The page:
Computer-Powered Sewing Machine Stitches Better Than Your Mom
The Brother Quattro 6700D does all the sewing stuff like self-threading, but also lets you draw patterns with a tablet or import photos and then embroiders them.
A computer that sews! If it could cook I'd want to marry it.
The Brother Quattro 6700D is a $10,000 Rolls Royce of sewing and embroidery. We were given a demo at the ShowStoppers event at CES 2012 and, in spite of knowing nothing about sewing, were blown away by it.
We used an external digitizing tablet to draw a design. You can trace one from a piece of paper or draw free-form; the device can import images as well and has hundreds of built-in patterns. The one we drew was saved to a USB stick and then read off the stick by the main embroidery program.
The machine scans the material onto which the pattern will be embroidered and helps you to determine precise locations for the stitching. When it's all set, you press a button and it starts automatically embroidering a perfect representation of the design. The machine provides a total stitch count for the job and counts down so you know how long it will take.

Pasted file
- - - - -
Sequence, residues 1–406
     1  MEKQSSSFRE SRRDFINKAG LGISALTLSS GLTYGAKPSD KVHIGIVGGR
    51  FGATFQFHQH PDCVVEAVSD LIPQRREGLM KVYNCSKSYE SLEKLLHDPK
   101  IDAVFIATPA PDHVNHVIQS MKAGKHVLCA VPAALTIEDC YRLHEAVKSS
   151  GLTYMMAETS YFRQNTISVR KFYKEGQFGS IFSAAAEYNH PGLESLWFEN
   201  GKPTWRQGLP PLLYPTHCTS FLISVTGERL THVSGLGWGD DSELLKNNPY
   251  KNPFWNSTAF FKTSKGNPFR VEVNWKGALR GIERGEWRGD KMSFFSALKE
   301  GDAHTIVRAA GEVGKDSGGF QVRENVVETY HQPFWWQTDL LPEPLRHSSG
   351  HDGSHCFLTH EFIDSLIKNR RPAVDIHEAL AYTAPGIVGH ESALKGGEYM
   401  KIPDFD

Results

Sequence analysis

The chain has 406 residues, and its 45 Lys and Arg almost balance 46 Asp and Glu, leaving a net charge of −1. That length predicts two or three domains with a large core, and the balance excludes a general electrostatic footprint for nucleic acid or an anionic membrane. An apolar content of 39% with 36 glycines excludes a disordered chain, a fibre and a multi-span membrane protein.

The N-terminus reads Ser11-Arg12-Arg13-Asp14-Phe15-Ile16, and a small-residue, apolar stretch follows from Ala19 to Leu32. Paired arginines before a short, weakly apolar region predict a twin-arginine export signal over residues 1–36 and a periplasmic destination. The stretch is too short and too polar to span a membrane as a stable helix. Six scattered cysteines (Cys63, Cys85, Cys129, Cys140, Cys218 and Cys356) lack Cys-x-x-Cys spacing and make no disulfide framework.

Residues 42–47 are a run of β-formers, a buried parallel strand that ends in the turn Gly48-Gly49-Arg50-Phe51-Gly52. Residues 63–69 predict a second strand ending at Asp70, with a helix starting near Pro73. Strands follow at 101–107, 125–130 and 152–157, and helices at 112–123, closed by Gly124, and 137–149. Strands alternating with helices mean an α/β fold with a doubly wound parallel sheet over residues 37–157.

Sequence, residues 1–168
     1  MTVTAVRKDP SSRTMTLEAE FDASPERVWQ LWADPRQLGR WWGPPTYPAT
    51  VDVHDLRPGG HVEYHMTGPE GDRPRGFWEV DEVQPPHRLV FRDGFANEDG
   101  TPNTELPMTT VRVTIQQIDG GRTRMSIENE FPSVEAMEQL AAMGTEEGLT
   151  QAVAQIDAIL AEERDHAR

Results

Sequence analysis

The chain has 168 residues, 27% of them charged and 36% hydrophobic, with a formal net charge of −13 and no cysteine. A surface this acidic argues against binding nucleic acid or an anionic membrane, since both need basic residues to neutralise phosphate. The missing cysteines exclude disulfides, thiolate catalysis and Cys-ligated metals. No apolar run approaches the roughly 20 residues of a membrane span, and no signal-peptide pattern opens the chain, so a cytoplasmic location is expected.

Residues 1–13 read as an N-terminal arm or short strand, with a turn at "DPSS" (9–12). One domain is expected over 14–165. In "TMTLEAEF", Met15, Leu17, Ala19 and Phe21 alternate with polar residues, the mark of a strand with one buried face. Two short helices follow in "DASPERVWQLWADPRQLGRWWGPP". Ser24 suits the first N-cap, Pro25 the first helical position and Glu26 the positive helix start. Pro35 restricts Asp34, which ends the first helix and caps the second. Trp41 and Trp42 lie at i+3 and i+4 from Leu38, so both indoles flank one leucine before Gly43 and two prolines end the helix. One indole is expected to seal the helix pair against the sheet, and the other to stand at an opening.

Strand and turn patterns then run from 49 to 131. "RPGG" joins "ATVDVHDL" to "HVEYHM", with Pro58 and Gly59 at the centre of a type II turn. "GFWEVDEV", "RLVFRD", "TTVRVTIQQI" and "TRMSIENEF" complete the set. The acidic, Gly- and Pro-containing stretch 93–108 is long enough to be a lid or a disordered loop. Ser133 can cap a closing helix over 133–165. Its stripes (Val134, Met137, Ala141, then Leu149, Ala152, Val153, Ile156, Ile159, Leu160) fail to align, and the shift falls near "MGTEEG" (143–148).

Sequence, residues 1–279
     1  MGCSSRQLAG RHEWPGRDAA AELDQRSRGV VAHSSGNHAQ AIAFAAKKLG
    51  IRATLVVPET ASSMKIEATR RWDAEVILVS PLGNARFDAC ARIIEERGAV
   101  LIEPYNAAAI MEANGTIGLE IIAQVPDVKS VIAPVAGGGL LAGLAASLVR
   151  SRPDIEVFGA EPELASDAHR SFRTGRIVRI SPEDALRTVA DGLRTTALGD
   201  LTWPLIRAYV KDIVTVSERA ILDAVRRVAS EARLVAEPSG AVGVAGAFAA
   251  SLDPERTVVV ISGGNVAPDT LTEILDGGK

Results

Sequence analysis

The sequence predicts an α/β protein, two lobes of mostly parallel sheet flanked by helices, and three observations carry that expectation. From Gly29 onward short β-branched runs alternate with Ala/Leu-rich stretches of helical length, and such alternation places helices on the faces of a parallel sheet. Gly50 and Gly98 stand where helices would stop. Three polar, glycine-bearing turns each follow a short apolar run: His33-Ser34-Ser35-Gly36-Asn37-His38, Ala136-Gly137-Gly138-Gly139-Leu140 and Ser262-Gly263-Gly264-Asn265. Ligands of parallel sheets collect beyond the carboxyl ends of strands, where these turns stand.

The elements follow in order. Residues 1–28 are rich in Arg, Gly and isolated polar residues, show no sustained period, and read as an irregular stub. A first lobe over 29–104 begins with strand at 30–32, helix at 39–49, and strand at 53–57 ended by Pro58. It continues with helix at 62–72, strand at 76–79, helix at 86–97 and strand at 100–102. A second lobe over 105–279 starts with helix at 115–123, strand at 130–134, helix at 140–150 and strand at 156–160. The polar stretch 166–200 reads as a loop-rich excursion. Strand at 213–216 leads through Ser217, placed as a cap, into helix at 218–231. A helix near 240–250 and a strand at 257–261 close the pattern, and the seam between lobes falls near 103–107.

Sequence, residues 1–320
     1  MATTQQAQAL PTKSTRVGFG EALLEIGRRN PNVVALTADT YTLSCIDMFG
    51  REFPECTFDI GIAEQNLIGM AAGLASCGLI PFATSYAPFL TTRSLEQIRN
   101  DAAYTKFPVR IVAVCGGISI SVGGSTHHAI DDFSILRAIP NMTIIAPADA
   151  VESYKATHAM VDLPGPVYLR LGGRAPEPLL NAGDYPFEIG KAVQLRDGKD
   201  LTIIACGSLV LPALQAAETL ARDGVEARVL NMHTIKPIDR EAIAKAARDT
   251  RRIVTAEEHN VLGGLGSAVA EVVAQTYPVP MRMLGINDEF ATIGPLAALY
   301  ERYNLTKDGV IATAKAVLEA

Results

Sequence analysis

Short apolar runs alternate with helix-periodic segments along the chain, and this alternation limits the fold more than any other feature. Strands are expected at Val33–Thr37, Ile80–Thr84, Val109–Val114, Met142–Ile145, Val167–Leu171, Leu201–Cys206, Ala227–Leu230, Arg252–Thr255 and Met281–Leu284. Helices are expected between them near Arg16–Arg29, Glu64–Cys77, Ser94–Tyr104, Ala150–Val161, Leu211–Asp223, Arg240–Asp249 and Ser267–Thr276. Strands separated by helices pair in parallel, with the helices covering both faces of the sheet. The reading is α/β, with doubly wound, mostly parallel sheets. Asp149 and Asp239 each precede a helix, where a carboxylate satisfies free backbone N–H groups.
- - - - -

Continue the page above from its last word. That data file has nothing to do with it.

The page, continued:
In addition to embroidery the Quattro 6700D can automate and assist the user in performing sewing tasks such as hemming or sewing in a zipper. It includes pictures that show exactly how to do it.
The device is somewhat ironic in a sense; surely the point of embroidery for many is the pleasure of doing it yourself. But it's true that it takes time and it's hard to do well, and it would seem that there are a lot of people who prefer to do a good job this way.
This isn't a typical BYTE story, but it's a great example of how computers improve unobvious processes.
5 Top Federal Initiatives For 2015As InformationWeek Government readers were busy firming up their fiscal year 2015 budgets, we asked them to rate more than 30 IT initiatives in terms of importance and current leadership focus. No surprise, among more than 30 options, security is No. 1. After that, things get less predictable.